NCover Desktop is a major leap forward in the ease and flexibility of code coverage tools. Code coverage, gathered while running unit tests against your code, shows the developer what code was exercised during the test and gives a specific measurement of unit test penetration. By tracking these statistics over time, you gain a concrete measurement of code quality during the development cycle. The core of the NCover application is a Windows Service which starts automatically and runs continuously in the background of your OS (Windows XP and higher). NCover can monitor .NET version 2.0 and higher applications and Silverlight 4.0 and higher. When you're ready to improve your tests, NCover Service is waiting to cover your code with any type of test from unit to functional to manual.
Visual Studio Extension
The NCover Bolt Visual Studio extension puts code coverage tools right in the Visual Studio IDE. With an integrated unit test runner and code highlighting in the VS Editor, NCover is now a seamless part of your development environment.
The new Explorer for Desktop is intended for users who don't have access to an HTML5-compatible browser. The NCover Explorer GUI offers the same drill-through capabilities as the web application, allowing you to quickly and easily examine your code coverage statistics at every level, from Project, to Module, to Method and all the way down to individual lines of source code.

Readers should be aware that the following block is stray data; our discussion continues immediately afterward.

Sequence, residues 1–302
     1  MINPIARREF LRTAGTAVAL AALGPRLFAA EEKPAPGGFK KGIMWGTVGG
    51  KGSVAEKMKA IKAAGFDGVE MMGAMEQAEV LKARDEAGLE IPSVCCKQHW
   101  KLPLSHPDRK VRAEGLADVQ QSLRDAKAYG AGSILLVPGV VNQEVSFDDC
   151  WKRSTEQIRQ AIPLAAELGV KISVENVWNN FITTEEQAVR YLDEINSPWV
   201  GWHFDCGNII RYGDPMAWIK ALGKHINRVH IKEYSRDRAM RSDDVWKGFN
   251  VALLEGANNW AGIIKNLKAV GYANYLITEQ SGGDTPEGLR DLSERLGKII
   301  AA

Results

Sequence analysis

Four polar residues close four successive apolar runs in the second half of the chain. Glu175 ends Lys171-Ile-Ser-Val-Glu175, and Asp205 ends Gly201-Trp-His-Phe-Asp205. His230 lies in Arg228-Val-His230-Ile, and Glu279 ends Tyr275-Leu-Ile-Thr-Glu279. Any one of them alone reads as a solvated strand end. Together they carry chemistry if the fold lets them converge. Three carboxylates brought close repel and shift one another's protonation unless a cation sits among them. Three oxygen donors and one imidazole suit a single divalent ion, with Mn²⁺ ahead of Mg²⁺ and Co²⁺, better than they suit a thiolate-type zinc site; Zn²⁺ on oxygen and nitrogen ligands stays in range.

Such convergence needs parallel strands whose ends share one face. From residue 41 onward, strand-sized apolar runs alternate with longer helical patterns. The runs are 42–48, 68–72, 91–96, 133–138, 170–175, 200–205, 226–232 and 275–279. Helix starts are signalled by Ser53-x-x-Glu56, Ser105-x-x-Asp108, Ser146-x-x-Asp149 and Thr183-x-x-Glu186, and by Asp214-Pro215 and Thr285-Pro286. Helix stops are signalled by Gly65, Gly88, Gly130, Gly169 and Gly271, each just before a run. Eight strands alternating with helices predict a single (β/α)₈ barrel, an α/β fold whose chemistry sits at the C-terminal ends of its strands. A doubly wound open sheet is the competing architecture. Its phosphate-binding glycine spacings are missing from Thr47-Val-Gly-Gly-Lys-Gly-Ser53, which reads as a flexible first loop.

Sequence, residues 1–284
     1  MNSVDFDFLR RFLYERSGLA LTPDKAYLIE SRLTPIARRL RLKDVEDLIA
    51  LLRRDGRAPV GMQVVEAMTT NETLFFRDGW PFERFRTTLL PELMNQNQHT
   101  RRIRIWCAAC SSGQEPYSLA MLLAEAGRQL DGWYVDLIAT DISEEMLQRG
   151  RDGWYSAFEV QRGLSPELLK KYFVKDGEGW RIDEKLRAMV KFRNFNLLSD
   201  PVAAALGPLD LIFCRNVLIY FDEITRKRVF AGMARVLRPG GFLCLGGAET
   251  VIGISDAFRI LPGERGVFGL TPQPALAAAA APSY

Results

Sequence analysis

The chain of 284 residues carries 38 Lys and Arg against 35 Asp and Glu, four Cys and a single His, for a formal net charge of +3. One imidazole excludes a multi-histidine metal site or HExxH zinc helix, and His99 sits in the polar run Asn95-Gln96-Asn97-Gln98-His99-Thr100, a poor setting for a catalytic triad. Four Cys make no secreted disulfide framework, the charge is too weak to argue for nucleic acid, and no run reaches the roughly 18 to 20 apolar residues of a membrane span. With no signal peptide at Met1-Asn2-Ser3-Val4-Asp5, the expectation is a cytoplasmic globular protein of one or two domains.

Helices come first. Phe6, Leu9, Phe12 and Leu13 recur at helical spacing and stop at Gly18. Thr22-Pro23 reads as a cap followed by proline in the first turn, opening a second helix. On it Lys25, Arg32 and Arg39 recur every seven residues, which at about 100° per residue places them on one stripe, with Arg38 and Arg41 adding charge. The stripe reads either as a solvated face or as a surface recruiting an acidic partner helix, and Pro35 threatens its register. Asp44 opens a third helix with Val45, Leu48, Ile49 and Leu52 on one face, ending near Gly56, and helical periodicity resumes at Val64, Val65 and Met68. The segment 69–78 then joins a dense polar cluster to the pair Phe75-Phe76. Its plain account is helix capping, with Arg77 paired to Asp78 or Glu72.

NCover Desktop helps you make sense of your coverage data by providing statistics at the source code level like Sequence, Branch and Method, and the high-level view of Change Risk Anti-Patterns, and Complexity. Metrics like the Change Risk Anti-Patterns (CRAP) score are a better measure of risk than coverage alone. Since it's extremely difficult to get to full coverage, CRAP score weighs the amount of uncovered code against the complexity of that code. Code that is more complex typically needs more complete coverage, because the more complex it is, the more likely it is to have errors. CRAP score finds methods that are least covered for a given level of complexity.